I have news! Mau is no longer our foster cat. After three months of fostering, we found him a loving home!
Drum roll please!
After seriously considering the commitment of another cat, Mau’s needs and happiness (he really loves Aaron), how he fit our home, and that he ultimately got along with Garrus and Charlie after an adjustment period, we decided to adopt him! We are officially a three cat household with an established clowder – and three foster fails (or would that be wins?)!
After Mau had his surgery, we noticed he had loose stool. At first we thought it might have simply been from all the medications he was given from his surgery and/or as a side effect from the two rounds of antibiotics he had been on prior to his surgery. But it didn’t go away and progressed to diarrhea. It’s no fun for anyone to wake up at 5am every day to a cat having loud-squirting diarrhea. Then one or both of us would have to get up to make sure there wasn’t a mess to clean up. Losing sleep due to cat-related reasons is par for the course but still. Sometimes he vomited as well.
We suspected that the diarrhea was due to the antibiotics and perhaps compounded by Mau essentially transitioning himself from wet to dry food. We added Fortiflora probiotics into his food. That helped a wee bit but he continued to leave sad stools in the Cat Genie. Fortunately his appetite was undiminished and he acted normally, so there were no changes in his behavior or apparent weight loss. But we were concerned and notified APA. Last Friday, Aaron took him to the vet while I stayed at home and worked on homework. Apparently the techs were amazed that Mau hadn’t been adopted yet and fawned over our handsome boy.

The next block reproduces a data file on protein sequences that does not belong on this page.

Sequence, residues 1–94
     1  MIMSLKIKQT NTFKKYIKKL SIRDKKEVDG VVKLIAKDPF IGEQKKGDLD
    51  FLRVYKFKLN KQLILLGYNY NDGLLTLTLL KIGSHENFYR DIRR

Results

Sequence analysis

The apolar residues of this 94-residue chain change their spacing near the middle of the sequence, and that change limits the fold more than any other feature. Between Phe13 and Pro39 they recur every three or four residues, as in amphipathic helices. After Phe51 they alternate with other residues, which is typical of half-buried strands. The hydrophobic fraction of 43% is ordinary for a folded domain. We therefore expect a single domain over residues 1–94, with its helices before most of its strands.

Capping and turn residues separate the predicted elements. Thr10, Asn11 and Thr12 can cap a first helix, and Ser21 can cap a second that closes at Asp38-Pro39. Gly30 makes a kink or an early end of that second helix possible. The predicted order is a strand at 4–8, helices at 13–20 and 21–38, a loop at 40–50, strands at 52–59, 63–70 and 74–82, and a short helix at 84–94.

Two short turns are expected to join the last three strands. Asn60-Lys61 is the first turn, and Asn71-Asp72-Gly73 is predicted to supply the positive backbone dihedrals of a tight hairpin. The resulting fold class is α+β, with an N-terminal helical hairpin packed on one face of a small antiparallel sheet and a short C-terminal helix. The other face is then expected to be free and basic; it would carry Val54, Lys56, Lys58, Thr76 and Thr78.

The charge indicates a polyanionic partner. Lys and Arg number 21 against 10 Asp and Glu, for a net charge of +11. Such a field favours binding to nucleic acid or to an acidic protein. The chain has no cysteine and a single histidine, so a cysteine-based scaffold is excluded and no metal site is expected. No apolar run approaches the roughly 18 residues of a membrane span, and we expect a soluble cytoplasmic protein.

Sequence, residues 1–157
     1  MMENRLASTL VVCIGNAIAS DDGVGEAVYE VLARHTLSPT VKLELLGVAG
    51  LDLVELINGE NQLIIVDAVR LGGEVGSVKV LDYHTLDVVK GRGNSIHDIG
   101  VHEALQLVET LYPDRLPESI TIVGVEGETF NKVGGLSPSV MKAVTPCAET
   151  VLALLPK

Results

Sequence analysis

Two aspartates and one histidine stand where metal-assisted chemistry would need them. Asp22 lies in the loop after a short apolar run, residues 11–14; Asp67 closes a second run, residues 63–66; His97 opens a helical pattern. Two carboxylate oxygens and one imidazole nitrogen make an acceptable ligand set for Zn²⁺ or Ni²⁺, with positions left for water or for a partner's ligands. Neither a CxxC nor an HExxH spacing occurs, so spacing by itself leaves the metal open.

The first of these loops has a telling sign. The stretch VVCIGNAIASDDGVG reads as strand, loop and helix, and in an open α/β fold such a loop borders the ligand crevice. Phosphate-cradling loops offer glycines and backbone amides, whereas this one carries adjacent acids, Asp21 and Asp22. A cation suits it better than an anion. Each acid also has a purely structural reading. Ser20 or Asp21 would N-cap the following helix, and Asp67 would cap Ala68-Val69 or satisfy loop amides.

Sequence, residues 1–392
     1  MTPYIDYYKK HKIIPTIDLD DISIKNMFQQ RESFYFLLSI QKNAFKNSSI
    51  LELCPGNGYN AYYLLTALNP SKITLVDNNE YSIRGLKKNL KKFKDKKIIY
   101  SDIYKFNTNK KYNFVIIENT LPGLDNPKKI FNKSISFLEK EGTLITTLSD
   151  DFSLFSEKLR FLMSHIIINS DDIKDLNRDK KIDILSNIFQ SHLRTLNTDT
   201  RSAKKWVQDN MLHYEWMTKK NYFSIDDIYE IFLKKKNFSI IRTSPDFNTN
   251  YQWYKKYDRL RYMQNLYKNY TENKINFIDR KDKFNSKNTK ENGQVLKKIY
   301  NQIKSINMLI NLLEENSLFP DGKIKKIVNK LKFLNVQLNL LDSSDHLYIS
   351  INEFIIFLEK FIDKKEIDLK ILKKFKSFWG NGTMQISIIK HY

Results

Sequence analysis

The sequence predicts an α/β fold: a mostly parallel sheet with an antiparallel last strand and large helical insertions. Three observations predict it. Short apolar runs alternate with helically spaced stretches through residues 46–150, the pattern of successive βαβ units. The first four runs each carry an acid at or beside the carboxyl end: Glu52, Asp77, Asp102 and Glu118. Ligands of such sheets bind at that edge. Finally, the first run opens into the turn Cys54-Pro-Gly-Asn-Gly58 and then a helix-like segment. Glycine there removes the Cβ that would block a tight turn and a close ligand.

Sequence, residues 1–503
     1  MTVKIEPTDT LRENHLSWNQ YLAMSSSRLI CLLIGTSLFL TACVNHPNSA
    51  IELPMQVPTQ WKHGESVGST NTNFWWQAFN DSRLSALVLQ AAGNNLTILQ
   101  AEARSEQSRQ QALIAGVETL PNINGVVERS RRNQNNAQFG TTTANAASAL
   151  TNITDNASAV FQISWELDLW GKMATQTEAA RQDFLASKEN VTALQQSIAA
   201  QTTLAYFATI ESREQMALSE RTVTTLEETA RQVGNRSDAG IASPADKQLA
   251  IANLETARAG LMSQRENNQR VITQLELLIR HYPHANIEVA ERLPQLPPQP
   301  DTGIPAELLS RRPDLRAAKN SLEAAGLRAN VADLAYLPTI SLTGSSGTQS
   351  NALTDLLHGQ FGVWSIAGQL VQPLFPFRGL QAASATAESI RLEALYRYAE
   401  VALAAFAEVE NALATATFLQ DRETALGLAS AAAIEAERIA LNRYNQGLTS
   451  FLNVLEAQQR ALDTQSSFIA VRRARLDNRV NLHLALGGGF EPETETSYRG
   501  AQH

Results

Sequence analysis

Results: Mau gained 1 lb (yay!) and the vet suspected that he might have inflammatory bowel disease, the same thing Boudicca had. We’re treating him with steroids, to which he is responding. We’ll see if his diarrhea stops. If he really has IBD, his owner will need to know and formulate a plan of treatment with a vet so Mau’s quality of life remains consistent. I’m happy to learn that he gained a little weight – he know weighs slightly over 10 lbs. His hips are still bony so he needs to fill out more. When at a healthy weight and filled out, Mau will be a big boy! He’s taller than Garrus and has a generally bigger frame than either of our tabbies do, so with that splendid tail, he’ll be a sight to behold.
We’ve had Mau for almost three months now. About a dozen people have reached out to Austin Pets Alive expressing an interest in him, though several have not responded after an initial email. I’ve exchanged emails with a few and it was by mutual agreement that Mau was probably not a good fit for that particular person and home. (That’s OK. Not every pet fits every person.) Two people have met Mau in person but the main issue there is that he becomes Mr. Shy and hides under the bed whenever new people come to the house! It’s hard to convince someone that he is a lap cat when he’s nowhere to be seen and requires a lot of coaxing to come out.